None of that, again, is Spader’s fault. Nor could it possibly be. In fact, Spader was probably this show’s last hope.

I remember the interview aspect of the final episodes last season, and Spader’s character really seemed like it could take the show in an interesting direction. His coldness had a magnetic ability. He was inhuman, and yet of humans. He was terrifying, and yet the only man you’d want in charge. Whatever he was going to bring to the show, it was going to be interesting.

Then they got him there and just let him flounder as an unrealized distant-manager stereotype, who has spousal issues or something.

That’s not Spader’s fault. That’s bad writing.

My girlfriend and I have talked about the decline of this show before, and a few times we’ve returned to the idea that it can still be funny, yes, but when it’s funny it’s the actors being funny…not the writers. Andy or Creed or Darryl might still make us laugh, but not because they’ve been given good lines…it’s because Ed Helms and Creed Bratton and Craig Robinson know how to deliver even bad ones. The writing has been in decline for ages…it’s the acting that does the heavy lifting.

Spader is a great actor, but his acting didn’t elevate the material. Perhaps because he wasn’t given any material worth elevating. He did his job, he punched the clock, but at the end of the day, there was no reason for him to associate himself with this show, and I think he’s realizing that. They didn’t know how to write a character, and so they didn’t write a character. They’ve never really known how to write characters…they were just blessed from the start with a cast that could bring their own. He was promised (as we were promised) a powerhouse role that would turn the show on its ear. Then he showed up for regular appearances, and they neutered him.

The same thing, on a much larger scale, happened to Andy way back when.

I’ve said earlier that I wasn’t much a fan of the early seasons. I know that puts me in the minority, but I’m okay with that. I’m also okay with the fact that I absolutely adored one of the storylines the show stumbled upon in season three: Jim’s transfer to another branch, and specifically the introduction of Andy Bernard.

Ed Helms, simply, is brilliant in those Stamford branch episodes, and he appeared immediately on the show as one of the most fully-realized characters The Office had ever seen. That, again, is due to the acting more than the writing, as Andy not only had his scripted boastfulness to coast on, but Ed Helms’s hollow swagger, his aggressively sad eyes, and his genuinely endearing musical prowess. Andy was a lot of things at once, and when Stamford was absorbed into Scranton, the show promised some enormous conflict from the merging of the two worlds.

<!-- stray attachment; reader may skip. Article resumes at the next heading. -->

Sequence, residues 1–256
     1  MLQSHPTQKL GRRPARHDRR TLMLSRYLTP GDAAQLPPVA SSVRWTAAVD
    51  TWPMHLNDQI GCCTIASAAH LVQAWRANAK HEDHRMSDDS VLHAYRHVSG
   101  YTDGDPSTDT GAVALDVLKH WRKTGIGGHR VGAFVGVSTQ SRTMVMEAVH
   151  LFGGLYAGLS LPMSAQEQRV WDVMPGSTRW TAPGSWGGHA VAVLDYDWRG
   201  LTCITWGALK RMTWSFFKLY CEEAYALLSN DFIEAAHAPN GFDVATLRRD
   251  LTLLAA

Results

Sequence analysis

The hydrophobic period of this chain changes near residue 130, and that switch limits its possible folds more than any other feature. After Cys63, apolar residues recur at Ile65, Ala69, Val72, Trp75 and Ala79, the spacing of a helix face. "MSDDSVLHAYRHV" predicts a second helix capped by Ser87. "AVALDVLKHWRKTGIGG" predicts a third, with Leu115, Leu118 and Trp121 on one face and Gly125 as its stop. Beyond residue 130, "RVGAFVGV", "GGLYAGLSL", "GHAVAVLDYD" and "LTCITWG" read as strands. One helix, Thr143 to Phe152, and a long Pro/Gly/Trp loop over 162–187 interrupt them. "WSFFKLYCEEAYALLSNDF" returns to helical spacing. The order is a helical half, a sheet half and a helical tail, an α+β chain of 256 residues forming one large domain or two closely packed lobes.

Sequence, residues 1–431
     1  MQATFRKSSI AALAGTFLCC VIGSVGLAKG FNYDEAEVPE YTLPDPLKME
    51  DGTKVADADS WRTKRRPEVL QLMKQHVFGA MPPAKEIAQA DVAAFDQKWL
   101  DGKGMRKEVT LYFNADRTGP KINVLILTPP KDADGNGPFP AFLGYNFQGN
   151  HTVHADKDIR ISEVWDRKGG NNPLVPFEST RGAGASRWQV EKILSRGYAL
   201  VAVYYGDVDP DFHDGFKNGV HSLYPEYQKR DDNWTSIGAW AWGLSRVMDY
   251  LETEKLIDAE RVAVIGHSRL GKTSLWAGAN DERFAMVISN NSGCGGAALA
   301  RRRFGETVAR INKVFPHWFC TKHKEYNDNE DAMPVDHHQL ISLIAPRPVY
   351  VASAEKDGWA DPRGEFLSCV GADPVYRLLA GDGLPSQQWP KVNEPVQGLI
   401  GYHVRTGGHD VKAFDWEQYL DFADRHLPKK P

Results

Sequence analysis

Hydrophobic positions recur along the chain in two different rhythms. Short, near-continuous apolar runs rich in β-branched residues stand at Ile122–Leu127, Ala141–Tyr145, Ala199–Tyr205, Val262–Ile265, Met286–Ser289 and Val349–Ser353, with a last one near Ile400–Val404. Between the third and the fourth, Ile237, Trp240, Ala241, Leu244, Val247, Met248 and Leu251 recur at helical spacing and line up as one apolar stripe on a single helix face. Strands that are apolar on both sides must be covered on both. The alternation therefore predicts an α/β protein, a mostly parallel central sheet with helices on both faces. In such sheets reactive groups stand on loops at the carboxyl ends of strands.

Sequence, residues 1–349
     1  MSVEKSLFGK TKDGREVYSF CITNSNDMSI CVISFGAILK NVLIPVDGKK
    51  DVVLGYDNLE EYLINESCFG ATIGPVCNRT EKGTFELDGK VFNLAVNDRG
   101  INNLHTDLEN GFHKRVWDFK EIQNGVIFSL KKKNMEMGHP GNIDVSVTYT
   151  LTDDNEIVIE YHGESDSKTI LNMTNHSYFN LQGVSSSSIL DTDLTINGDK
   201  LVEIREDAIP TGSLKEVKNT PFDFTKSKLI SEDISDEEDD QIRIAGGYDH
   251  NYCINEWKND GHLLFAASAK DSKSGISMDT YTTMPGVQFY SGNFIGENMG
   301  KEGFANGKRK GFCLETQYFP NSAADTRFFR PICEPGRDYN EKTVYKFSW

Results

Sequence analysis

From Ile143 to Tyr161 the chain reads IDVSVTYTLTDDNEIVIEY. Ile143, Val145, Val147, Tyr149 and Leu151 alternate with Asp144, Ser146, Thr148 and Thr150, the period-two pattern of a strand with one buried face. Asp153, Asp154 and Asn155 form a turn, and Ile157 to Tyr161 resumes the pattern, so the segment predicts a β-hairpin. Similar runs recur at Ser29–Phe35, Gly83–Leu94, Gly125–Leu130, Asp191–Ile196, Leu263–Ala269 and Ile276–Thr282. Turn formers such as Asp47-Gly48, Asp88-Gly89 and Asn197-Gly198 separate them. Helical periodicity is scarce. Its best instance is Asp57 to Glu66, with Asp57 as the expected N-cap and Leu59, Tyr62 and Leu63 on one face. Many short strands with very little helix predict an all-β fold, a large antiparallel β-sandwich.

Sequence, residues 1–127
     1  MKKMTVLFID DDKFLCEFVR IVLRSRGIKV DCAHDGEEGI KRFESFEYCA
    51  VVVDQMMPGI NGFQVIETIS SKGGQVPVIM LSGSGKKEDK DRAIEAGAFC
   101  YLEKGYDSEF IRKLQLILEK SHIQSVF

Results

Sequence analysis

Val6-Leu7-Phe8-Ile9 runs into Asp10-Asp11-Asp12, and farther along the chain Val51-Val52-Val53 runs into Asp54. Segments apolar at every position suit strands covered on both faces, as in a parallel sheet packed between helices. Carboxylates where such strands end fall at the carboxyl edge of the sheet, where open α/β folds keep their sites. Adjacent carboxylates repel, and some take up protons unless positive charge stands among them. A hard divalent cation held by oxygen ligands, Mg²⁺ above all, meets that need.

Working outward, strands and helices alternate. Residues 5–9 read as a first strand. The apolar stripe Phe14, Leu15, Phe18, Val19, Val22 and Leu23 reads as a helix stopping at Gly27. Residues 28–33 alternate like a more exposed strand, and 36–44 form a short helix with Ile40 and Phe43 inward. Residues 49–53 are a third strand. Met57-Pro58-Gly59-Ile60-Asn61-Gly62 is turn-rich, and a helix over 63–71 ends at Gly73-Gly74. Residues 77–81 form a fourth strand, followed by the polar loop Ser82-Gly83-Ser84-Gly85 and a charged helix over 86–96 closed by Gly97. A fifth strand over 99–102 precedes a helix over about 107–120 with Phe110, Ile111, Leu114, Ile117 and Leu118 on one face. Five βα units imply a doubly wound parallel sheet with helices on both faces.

For perhaps the only time, The Office delivered on such a promise. Andy Bernard was simultaneously a suckup and an asshole. He was fiercely loyal and a shifty turncoat. He was endearing, and yet he was dangerous. The episodes allowed his coworkers the chance to needle him as much as he needled them, and though Andy Bernard could certainly dish it out while aggressively maintaining eye contact, he couldn’t take it. Jim plays the comparatively harmless prank of hiding his personal cell phone, and Andy, raging, punches a hole in the wall. This was no cartoon…this was a man with serious issues, and he was stuck in an office with colleagues and a manager who had no idea what to do with him.

Sadly, the show had no idea what to do with him either, and though his mandatory anger management stint made perfect logical sense, it only really served to neuter the character, and he hasn’t been the same since. We’ve spent so much time exploring the fragility of Andy’s emotions and the sadness of his upbringing that we’ve gone so far past humanization that he’s nothing but a walking sack of sad now. Watching his earlier episodes in comparison to what we’re seeing now, it’s sad. Like Jack Nicholson at the end of One Flew Over the Cuckoo’s Nest sad, only there’s nobody around with a pillow. Last season, at some point, Andy got upset and threw a pizza at the wall. I finally started paying attention again, because I thought this meant his long dormant anger issues were finally flaring up again. (It would have been logistically sound for this to happen, as well.) But, alas, by the next episode he was back to skulking around dog-faced and masturbating dark bathrooms to pictures of Erin.